Next to William Miller himself, Fitch became one of the most prominent ministers in the Millerite movement. In January 1843, he launched his own Millerite periodical with the title, The Second Advent of Christ. This magazine helps us trace his experience as one of the hundreds of ministers in many denominations who focused on Miller's message of Christ's return. By March 1844, a Second Advent paper in New York City, The Midnight Cry, estimated that between 1500 and 2000 lecturers were proclaiming that “the Kingdom of heaven is at hand.”
Methodist ministers—followed by Baptist, Congregational and Presbyterian clergy—were the most prominent heralds of the urgent message of the nearness of Christ's return. Such preachers were not short of Bible verses to sustain their claim that Christ would return personally, visibly, audibly and gloriously. Didn't Jesus liken His return to the brightness of lightning that shines from the east to the west? He also declared that “all the nations of the earth ... will see the Son of Man coming on the clouds of the sky, with power and great glory”
(Matthew 24:26–30). These ministers cherished the apostle Paul's reference to “the blessed hope—the glorious appearing of our great God and Saviour, Jesus Christ” (Titus 2:11–14).
To study the writings of Charles Fitch is to journey with him into a deepening understanding of the Bible and its saving message. As Fitch wrestled with the significance of Christ's glorious return, he started to see a fresh meaning in the texts that refer to the resurrection.
Jesus promised, “All that are in their graves will hear his voice.” He declared Himself to be “the resurrection and the life.” When the apostle Paul described the events that will occur at the Second Coming, he stated that “the dead in Christ will rise first” (see John 5:28; 11:25; 1 Thessalonians 4:16).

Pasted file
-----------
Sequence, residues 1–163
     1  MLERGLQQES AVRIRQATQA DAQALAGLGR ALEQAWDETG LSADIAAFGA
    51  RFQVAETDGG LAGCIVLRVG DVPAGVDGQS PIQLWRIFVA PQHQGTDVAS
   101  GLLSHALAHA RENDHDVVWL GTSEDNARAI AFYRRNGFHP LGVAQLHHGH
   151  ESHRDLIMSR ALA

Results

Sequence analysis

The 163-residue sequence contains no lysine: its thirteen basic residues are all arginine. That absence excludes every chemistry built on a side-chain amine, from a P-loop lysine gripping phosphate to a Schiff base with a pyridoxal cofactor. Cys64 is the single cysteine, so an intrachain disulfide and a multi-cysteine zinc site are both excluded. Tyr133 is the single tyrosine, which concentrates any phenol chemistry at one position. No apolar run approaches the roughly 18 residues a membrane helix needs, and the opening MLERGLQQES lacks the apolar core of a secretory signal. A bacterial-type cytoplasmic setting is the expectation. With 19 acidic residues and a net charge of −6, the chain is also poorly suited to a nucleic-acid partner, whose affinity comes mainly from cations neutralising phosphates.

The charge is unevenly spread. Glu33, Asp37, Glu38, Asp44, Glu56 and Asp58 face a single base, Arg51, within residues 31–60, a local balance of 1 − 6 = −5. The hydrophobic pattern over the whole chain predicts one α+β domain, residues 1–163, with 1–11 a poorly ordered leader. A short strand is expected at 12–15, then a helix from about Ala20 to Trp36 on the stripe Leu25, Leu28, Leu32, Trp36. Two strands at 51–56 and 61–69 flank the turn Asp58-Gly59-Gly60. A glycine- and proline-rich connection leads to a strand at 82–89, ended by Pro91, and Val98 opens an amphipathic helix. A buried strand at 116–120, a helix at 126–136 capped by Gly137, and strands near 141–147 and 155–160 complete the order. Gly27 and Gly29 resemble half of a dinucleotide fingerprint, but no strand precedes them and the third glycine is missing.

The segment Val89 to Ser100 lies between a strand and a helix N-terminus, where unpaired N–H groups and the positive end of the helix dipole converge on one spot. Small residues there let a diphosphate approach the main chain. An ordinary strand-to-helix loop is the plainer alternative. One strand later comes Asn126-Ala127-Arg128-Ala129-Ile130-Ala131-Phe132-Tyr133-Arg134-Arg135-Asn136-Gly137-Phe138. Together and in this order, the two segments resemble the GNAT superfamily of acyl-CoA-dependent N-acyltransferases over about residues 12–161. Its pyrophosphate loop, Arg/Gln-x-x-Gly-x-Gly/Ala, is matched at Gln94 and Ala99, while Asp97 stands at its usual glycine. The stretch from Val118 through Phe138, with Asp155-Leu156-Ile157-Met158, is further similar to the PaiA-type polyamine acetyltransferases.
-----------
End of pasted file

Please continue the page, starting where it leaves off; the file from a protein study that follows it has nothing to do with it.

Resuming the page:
Fitch was especially enthusiastic about Miller's preaching of the second advent of Christ. Like Fitch, for a number of weeks, Miller believed the Scriptures indicated an exact date on which Jesus would return—October 22, 1844. Miller was of course deeply disappointed when the great day of hope turned into a day of bitter disappointment.
Cured forever of date-setting, on November 10, 1844, Miller wrote a letter that was printed in The Midnight Cry the following month: “Brethren,”
he wrote, “hold fast; let no man take your crown. I have fixed my mind upon another time, and here I mean to stand until God gives me more light— and that is Today, TODAY, TODAY, until He comes, and I see Him for whom my soul yearns.”
Unfortunately, several weeks before October 22, Fitch performed several baptisms outdoors in cold weather.
As a result, he contracted pneumonia, and he died on October 14, 1844, just eight days before the anticipated date of Christ's return. Had he lived to read Miller's letter, he would surely have heartily agreed. He might also have quoted what Jesus said, after describing the signs that warn us about the climax of history: “When these things begin to take place, stand up and lift up your heads, because your redemption is drawing near” (Luke 21:28).
In His greatest Advent sermon, Jesus speaks to all of us, saying, “Therefore keep watch, because you do not know on what day your Lord will come” (Matthew 24:42).